When you are a parent of disability you waffle between shameless optimism of what your child can or could do, and utter despair for what they are unable to do. And at some point in your journey, you hit the brick wall of reality.
I have definitely hit that brick wall of reality and am finding it painful. Sophia is eleven and in grade six. There are moments when she seems like a ‘typical’ eleven year old girl. Sophia knows all the words to any Selena Gomez song, she wants to wear ‘big’ girl clothes, paint her toe nails. She wears deodorant, has her first bra and definitely has eleven year old girl emotional break downs!
Sophia loves to help out in the kitchen and goes shopping with me, following the grocery list with determination. We have real conversations about what kind of vegetables we need for dinner and what apples are our favourite. She can choose between cheddar or mozzarella, cold ham or turkey. Sophia loves to read the ingredients in the food we pick out and fervently announces to anyone walking by the percentage of sugar indicated on the side package.
In these moments walking up and down the aisles, I have shameless optimism that my daughter will grow up and develop into an independent, self reliant woman. That she will have completed her education, have a good job, a social life, and share her home with close friends/roommates. That she will manage her own bank account and perhaps, fall in love, have children of her own.
Slam! There is that damn brick wall. OUCH! It hurts…
Sophia is estimated to be about the developmental age of a four year old. I would say it rings true in that her favorite show is still Barney, and she laughs uncontrollably watching Sesame Street on her iPad. We still have to cut up her food, bath her, and there are moments like tonight at dinner, when she really does not understand the context of the conversation. This typically leads to her brothers laughing and Sophia sitting there with indignation, thinking she knows the answer and is right; a blend of the eleven year old girl and a developmentally four year old child.
Sophia is still so very much infantile. Her emotional maturity is that of a two year old and she still requires so much assistance, twenty four hours a day. This is an aside to the comprehensive medical care she requires; the injections every three hours, the round the clock medications, the skin care, the assistance she needs physically to complete so many basic tasks like bathing, dressing, going to bed, even needing assistance walking up and down stairs. *Note, Sophia ended up in emergency the other day when she fell down a flight of stairs and suffered a major concussion when in the care of someone else who didn’t hold her hand.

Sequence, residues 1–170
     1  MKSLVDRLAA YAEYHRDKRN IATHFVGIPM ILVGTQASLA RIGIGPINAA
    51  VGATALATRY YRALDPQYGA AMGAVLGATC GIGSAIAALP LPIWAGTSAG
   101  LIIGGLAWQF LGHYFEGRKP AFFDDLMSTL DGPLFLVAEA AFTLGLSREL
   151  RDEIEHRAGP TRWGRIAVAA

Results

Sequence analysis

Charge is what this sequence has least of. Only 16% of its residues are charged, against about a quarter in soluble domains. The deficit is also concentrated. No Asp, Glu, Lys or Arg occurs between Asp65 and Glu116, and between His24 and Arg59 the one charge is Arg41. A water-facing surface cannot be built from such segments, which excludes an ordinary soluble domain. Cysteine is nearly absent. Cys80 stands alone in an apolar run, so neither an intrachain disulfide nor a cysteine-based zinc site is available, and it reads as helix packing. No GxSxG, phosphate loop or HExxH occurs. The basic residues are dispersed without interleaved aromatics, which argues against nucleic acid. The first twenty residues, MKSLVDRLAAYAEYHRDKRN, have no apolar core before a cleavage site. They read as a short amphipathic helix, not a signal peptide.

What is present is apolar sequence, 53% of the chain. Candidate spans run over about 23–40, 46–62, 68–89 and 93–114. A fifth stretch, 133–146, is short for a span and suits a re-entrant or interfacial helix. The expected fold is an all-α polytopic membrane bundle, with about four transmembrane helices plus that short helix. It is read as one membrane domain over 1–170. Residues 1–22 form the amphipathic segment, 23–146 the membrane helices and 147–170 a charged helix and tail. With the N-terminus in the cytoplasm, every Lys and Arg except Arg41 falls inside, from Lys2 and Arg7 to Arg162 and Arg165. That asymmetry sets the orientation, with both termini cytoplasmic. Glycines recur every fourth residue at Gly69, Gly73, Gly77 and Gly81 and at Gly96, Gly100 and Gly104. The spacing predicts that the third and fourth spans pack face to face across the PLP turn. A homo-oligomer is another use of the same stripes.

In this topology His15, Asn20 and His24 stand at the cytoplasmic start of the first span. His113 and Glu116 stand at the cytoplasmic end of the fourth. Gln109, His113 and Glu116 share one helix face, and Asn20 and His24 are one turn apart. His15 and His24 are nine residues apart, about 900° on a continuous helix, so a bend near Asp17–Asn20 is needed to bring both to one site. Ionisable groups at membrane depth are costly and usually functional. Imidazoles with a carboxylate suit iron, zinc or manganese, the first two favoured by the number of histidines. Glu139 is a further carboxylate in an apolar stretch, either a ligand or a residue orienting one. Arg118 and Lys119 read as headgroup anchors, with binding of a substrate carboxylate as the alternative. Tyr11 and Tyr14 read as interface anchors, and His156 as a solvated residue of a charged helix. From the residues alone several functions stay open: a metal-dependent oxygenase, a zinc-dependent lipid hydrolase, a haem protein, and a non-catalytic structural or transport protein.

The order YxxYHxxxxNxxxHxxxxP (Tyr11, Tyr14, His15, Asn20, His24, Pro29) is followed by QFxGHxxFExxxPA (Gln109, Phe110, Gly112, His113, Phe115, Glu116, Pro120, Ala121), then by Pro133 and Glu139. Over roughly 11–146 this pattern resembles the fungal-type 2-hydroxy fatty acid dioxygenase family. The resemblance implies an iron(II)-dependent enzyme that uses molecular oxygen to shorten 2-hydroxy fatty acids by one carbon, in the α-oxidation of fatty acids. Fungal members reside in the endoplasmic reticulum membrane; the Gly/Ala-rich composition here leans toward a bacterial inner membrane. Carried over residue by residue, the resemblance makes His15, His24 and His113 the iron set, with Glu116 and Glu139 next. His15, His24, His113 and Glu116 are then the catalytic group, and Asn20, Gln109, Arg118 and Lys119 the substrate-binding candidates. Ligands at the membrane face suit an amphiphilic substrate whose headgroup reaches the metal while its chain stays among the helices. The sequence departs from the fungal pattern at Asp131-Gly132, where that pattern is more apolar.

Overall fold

The worry, the angst, the fear of her every day never mind her future, hangs over my head like an anvil.
No one can look into your eyes and assure you everything is going to be ok, be alright. Because the reality, that friggen brick wall is right there in front of you. You try to blast your way through, ram it over and over, try to climb it even. And time and time again, you are met with the cold hard truth that when you have a child, are a parent of disability, that there just may be a line in the sand…that the wall isn’t going to move. It is there to stay.
That isn’t to say you can’t make a wonderful garden around it, that you can’t create beautiful graffiti on it’s cold grey. That others can’t come to the wall and sit and enjoy it with you, your child. Because you can…and for your own emotional well being, and for the quality of life of your child, you need to.
Helen Keller said, "I seldom think of my limitations, and they never make me sad. Perhaps there is a touch of yearning at times; but it is vague, like the breeze among flowers."
It is something I have yet to learn as a parent of disability; to only yearn for what Sophia can do, will do. And not think of limitations, not feel sad. For me, that breeze comes in wind storms, still.
Yet, at the end of the day when I am getting Sophia ready for bed and she tells me exactly how many days are left before a special occasion, or in the morning when she proclaims as usual, that it is going to be a sunny day because she can see that one tiny crack in the clouds…that storm settles into a breeze and I know I am among a flower. It feeds my shameless optimism.